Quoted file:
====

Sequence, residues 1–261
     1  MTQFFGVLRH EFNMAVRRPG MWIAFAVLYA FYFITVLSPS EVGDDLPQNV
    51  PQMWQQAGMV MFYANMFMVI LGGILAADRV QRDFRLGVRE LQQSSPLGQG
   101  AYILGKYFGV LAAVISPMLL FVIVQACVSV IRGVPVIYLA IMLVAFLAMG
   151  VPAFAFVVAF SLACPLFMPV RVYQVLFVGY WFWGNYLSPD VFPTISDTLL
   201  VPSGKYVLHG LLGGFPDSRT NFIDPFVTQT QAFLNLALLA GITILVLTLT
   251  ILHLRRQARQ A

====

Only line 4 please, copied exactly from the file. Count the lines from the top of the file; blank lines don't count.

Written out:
   101  AYILGKYFGV LAAVISPMLL FVIVQACVSV IRGVPVIYLA IMLVAFLAMG